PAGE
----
Buildings have a significant impact on the environment. Construction uses resources; on-going operations require energy and water; residents generate waste; and the land used for human purposes may disrupt habitats for other organisms or disrupt ecosystems. Recognizing these impacts, we can take action to reduce them and make our co-ops more pleasant places to live. Reducing impacts can sometimes also reduce costs due to avoiding unnecessary waste and inefficiencies.Built for Sustainability | Energy Use and Efficiency | Energy Audits | Water Conservation | Healthy Buildings | Heat and Smoke
Canada’s building sector is the third highest source of emissions in the country. Heating and cooling systems use energy, so choosing and maintaining efficient systems is important. The materials we choose when building or renewing capital assets also matter. This page focuses on how environmentally sustainable actions are impacted by a co-op's physical assets (most significantly around energy use and emissions of greenhouse gases and pollutants).
Energy use and efficiency
Reducing unnecessary water use
Pollution/use of resources
For more information and links, visit our general environmental sustainability page.
Co-ops can have an impact on their operating costs and the environment when they carefully consider energy sources and energy efficiency when engaged with asset management planning.
Different sources of energy have different impacts. Some generate no obvious pollution where consumed (photovoltaic, wind power, burning hydrogen, hydroelectricity) and others (like burning fossil fuels or nuclear fission) have well-known concerns. Even the cleanest methods of keeping us warm or powering our lights will have less impact if we use less of them.
Electricity and gas are the main energy sources in our homes: perhaps consider how your co-op's current energy use could be optimized.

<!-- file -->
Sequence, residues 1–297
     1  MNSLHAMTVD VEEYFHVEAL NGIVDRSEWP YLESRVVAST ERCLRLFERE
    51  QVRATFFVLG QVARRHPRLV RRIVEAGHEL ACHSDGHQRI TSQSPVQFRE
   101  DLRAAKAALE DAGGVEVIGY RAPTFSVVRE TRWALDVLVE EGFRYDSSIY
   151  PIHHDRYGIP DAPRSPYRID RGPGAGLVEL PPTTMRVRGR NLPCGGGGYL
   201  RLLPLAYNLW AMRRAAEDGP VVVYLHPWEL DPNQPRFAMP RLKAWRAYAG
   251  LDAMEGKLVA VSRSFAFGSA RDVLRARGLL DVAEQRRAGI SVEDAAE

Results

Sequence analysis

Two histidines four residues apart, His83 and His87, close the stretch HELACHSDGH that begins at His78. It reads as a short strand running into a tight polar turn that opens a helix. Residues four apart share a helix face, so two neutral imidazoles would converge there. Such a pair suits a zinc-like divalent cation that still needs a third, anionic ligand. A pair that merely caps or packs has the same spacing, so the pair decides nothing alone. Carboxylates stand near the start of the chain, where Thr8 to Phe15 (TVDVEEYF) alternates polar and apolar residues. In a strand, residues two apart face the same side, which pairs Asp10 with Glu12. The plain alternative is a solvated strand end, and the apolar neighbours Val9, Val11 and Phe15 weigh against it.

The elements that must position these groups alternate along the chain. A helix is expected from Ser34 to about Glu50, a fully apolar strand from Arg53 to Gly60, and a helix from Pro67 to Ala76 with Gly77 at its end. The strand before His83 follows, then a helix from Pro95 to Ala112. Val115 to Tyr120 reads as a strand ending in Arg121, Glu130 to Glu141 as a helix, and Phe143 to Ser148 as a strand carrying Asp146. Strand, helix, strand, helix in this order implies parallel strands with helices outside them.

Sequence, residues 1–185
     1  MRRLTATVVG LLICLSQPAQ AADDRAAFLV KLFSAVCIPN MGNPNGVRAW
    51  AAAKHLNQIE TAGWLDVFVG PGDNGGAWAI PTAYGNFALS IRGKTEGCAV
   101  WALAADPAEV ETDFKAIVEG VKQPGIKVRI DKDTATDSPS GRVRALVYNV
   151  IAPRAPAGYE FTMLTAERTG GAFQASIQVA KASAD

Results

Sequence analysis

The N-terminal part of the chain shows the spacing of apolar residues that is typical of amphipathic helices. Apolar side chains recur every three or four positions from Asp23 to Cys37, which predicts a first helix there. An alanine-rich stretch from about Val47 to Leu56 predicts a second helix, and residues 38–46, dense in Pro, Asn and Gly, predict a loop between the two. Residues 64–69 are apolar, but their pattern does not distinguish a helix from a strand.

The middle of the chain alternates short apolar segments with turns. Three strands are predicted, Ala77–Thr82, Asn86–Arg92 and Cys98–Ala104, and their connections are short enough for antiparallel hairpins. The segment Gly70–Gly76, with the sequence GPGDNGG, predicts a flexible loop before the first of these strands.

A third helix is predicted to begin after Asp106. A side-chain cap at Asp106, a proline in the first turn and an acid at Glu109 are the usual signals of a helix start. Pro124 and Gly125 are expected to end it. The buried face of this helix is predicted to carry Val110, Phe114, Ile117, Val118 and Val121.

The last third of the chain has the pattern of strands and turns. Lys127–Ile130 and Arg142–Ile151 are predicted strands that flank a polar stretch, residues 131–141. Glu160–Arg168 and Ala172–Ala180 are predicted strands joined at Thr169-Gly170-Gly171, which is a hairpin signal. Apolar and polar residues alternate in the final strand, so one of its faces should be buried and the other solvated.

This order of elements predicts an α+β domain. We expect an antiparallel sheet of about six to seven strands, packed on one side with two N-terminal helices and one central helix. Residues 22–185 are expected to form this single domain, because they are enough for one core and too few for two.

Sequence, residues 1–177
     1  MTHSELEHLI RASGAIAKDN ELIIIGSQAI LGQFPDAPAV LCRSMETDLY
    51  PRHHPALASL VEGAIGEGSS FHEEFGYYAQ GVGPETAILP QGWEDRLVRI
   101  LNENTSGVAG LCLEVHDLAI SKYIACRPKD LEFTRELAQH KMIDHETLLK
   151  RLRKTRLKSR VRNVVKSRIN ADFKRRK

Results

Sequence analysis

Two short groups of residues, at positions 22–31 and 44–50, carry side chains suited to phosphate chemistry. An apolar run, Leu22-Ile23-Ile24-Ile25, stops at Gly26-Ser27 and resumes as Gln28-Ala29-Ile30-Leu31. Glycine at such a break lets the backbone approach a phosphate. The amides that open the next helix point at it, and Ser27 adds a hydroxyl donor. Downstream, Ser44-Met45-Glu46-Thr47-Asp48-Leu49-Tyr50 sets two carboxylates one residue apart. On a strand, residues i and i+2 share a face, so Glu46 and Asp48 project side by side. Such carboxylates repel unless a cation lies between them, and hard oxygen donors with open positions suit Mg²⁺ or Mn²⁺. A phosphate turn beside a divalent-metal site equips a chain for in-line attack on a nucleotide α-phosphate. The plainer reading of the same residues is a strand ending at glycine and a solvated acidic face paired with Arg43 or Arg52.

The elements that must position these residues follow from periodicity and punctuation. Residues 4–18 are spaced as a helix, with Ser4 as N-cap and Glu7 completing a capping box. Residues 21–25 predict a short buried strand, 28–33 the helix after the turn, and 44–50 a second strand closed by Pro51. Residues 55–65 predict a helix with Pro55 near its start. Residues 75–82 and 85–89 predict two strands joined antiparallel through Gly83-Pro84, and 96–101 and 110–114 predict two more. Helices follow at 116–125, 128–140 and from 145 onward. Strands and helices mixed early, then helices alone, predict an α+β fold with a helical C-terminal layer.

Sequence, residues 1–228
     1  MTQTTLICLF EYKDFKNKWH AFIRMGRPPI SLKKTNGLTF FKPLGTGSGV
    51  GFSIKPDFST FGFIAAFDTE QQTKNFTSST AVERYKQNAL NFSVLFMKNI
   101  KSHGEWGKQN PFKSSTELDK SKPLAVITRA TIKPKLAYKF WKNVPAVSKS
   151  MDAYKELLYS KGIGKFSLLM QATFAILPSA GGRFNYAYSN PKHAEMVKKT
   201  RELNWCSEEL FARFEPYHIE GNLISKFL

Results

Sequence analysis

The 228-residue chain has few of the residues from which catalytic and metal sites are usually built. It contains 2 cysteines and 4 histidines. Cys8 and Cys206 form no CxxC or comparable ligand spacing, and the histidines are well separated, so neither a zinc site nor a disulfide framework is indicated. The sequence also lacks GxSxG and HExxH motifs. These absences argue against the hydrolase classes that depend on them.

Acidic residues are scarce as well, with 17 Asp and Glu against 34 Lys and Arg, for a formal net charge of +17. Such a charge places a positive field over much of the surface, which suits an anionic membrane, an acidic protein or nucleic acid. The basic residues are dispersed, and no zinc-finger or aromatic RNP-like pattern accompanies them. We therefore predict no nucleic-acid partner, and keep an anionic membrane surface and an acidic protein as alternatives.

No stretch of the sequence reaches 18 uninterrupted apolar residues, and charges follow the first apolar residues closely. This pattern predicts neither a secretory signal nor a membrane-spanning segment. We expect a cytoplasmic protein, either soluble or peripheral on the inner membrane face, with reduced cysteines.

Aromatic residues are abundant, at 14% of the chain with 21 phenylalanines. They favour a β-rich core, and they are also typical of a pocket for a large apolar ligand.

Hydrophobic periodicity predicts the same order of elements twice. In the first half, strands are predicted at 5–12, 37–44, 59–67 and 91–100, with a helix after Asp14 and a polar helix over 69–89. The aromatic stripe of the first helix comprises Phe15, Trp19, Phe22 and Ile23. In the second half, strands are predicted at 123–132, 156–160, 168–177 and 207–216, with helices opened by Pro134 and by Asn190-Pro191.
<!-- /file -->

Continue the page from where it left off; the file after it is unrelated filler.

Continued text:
Energy consumption and greenhouse gas emissions are affected by a range of factors including the kind of heating (and cooling) systems; where their power comes from; the design and number of lights and electronics, and the degree of insulation. Reducing waste is the first step in making your co-op more energy efficient. Are your systems running when they are not being used? Is there a potential for automation? Increasing the efficiency of your systems can mean regular cleaning, insulation, or replacement of certain components.
One way to determine how and where energy is being used (and identify opportunities for improvements and incentives) is through an energy audit. There are different standards for energy audits. One of the more popular, ASHRAE (the American Society of Heating, Refrigeration and Air Conditioning Engineers), provides three levels of progressing detail for energy audits:
*BC Hydro and Fortis have their own requirements for their incentives
Freshwater is a precious resource and even in British Columbia its availability is limited. Co-ops can save water through changes in behaviour (at the member level) and through careful maintenance and renewal decisions. Here we'll focus on co-op maintenance and renewal practices.
Here are a few additional starting points: CMHC’s Household Water Guide; The Agency’s “save water” webpage; and the Province of BC water conservation information.
Buildings have a significant impact on physical and mental health, as do site conditions. Some elements of a building are largely determined during the design and construction process, but renewal projects and on-going maintenance make an impact as well. Members and management may want to consider the impact of their choices and aim to improve their co-op homes.
Extreme weather events are becoming more common. In recent years we've had the hottest temperatures on record and wildfire smoke has been a recurring problem.
These issues affect our comfort, but they also have health impacts — many died in 2021 from the affects of the heat dome. What can we do?
One of the first things is to do a bit of planning and preparation. Take a look at our checklist, Housing Co-ops and Coping with Extreme Heat and Smoke(PDF).
We also have an article from our Sustainability Newsletters that looked at adaptations for heat.